Fit of the tone is extremely important to the sound of the body. I take a lot of time to make sure that every part of the tone ring makes solid contact with the body, thereby transferring as much of the sound from the tone ring to the body as possible.

Once the tone ring has been fit, trim the rest of the body down so it is just a shade larger in diameter than the tone ring.

making the banjo body

After that you can shape the inside of the body the same way as if you were making a bowl. The walls of the rim should be 3/4" thick.

Sand the body while still on the lathe.

Some woodworkers prefer to apply a friction finish while the work is on the lathe. I personally do not do that, but if you're going that route now would be the time to take care of that step.

Mark and drill holes for bracket shoes.

Marking the exact position for the bracket shoes can be a problem. Perhaps the easiest way is to use the tension hoop as a template. I find it useful to hold it in place with clamps while I'm marking the wood.

making the banjo bodyDrilling the holes can be a problem, too. I have used my Shopsmith as a horizontal boring tool, but I used my benchtop drill press for my first banjo. The table on the press is so small that I can slip the body of the banjo over it.

This is also the time to drill the holes for the tailpiece, rim rod, and neck bolts. Check your blueprint and hardware for exact requirements.

STEP EIGHT: Attach the hardware to the body.
This is one of the most exciting steps of the entire process, because the body will quickly look like a finished product.

making the banjo body
Put the tone ring in place. Make sure that it is seated all the way down.

Bolt all of the bracket shoes in place, but don't tighten them down too much. Just snug them up enough to hold them in place. Thread all of the brackets through the shoes and twist the nuts in place just enough to keep them from falling off.

Slip the head over the tone ring, and wiggle three or four brackets around to hold it in place. Tighten the brackets slightly. Tighten one a bit, then move to another, and keep going around. Don't try to tighten the head, just try to keep things in place so you can put on the rest of the brackets.

Go ahead and put the rest of the brackets in place and slightly tighten the nuts.

At this point, the head is probably wobbly and might be uneven. You should be able to tell if everything is lined up right, so you can take it all apart if you'd like. However, you'd probably like to tighten the head up just to see how things look.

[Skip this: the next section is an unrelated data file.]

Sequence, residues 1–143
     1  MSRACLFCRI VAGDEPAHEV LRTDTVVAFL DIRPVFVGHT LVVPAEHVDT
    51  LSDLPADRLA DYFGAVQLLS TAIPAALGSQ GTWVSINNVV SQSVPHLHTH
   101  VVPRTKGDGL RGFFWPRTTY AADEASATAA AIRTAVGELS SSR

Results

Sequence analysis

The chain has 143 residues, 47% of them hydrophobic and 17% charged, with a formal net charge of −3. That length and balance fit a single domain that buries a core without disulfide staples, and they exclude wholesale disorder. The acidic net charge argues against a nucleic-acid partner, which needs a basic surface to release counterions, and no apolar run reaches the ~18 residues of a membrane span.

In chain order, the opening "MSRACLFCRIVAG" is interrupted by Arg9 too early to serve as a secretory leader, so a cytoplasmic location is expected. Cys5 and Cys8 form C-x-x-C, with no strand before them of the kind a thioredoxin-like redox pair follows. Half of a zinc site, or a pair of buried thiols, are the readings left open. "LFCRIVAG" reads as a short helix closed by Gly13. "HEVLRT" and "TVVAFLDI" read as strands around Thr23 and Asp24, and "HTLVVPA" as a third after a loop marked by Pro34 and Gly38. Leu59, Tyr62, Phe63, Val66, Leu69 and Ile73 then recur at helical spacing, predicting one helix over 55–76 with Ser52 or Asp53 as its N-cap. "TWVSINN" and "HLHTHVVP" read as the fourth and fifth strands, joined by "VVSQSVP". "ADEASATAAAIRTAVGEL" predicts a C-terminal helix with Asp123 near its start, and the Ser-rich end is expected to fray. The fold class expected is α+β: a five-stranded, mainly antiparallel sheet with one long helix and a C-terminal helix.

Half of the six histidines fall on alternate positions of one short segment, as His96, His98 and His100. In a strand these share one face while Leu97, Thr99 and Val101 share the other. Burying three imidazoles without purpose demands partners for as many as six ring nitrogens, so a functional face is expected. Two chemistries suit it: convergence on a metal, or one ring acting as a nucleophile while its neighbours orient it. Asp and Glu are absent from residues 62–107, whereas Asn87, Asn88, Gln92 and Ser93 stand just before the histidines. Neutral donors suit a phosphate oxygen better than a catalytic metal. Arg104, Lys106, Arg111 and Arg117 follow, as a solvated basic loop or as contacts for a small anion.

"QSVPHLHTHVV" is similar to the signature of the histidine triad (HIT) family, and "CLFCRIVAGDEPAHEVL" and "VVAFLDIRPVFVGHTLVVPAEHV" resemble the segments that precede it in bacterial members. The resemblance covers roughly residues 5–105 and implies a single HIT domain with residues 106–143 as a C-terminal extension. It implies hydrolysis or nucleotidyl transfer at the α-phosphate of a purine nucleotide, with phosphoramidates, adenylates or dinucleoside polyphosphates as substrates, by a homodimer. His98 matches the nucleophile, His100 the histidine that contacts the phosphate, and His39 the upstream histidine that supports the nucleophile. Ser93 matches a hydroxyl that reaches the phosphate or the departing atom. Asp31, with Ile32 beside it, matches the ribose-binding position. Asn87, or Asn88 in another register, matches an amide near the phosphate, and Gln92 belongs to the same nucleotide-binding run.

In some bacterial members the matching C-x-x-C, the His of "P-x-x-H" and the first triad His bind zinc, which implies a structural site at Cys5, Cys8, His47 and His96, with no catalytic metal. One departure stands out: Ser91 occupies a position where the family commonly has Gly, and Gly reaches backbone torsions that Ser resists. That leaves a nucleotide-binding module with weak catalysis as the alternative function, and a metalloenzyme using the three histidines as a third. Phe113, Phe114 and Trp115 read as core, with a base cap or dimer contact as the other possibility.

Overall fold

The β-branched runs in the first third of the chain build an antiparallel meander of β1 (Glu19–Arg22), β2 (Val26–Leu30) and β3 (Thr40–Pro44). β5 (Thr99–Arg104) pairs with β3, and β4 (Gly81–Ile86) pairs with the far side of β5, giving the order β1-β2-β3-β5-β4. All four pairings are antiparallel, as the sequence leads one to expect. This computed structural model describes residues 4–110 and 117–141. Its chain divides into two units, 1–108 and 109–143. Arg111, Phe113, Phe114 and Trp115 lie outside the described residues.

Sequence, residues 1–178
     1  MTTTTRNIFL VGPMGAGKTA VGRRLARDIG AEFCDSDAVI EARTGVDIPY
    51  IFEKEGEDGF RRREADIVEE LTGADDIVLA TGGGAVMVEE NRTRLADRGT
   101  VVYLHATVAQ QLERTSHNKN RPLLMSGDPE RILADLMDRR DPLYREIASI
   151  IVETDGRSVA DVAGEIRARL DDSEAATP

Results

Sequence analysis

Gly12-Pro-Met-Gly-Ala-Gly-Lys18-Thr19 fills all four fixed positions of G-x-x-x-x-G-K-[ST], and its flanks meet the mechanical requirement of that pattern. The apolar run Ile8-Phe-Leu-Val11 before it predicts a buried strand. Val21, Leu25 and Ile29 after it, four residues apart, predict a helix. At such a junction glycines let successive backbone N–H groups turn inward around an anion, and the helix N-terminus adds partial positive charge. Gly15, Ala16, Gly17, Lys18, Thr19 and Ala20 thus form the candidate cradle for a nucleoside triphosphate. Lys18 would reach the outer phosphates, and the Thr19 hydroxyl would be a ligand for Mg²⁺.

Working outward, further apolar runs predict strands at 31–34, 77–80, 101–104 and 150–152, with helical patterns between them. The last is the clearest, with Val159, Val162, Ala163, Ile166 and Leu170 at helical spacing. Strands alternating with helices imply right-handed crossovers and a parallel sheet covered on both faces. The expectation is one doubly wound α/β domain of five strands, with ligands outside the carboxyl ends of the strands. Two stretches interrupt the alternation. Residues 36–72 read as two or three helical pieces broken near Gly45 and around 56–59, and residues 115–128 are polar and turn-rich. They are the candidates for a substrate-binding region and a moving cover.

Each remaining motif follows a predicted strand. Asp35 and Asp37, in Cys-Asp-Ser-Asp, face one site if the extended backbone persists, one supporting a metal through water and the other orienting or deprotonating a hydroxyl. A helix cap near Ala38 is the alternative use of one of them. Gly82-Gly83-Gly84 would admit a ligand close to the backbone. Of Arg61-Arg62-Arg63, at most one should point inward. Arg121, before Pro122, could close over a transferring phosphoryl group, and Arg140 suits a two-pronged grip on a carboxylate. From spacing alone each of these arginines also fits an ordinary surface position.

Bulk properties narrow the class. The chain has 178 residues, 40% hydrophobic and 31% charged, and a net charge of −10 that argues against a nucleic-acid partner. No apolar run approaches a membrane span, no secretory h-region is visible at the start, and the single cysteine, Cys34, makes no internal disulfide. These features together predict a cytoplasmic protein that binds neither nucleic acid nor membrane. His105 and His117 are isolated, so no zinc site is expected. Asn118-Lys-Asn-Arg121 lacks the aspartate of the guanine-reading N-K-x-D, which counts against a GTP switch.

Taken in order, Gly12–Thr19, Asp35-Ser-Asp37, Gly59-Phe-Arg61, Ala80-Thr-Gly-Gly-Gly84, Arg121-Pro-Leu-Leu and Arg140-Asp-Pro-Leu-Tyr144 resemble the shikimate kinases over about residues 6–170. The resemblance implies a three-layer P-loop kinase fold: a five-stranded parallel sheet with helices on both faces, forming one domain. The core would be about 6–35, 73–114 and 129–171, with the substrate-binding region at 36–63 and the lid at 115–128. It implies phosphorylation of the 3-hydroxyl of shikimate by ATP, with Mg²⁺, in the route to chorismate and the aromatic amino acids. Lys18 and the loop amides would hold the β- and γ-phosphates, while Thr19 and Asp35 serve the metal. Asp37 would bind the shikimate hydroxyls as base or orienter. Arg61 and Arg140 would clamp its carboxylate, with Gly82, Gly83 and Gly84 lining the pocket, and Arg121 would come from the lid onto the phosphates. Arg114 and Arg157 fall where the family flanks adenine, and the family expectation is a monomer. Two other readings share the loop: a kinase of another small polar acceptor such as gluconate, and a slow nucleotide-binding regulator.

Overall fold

Go slowly. The tension hoop should be even, and the head should be equal tightness all over. It is very possible to over-tighten the head and cause it to break (I've done it), so be careful.

Rap your fingernails against the head, and if it seems tight, leave it alone. You won't be stringing up the instrument at this point, so there's no point in tightening the head all of the way.

STEP NINE: Pre-Fit the Neck to the Body.
A nearly complete banjo

I've found that the easiest way to fit the neck to the body is to use a sanding drum in a drill press to bring the heel of the neck to shape. I don't have a template, but I've found that the little drawing of the neck heel in the Stewart MacDonald catalogue is good enough. Take it down a little at a time, and when you think you've got it close use a one-hand clamp to hold the neck in place on the rim. Put the bone nut blank in place and put a yardstick on the fingerboard. The yardstick should extend above the head with just enough for whatever bridge you're planning on using.

With the neck clamped in place, using a long thin marking device (maybe a pen filler, maybe a nail), mark the places where you will drill the holes for the lag bolts in the neck. Remove the neck, drill pilot holes for the lag bolts, and attach them to the neck.

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This page last updated 08/14/03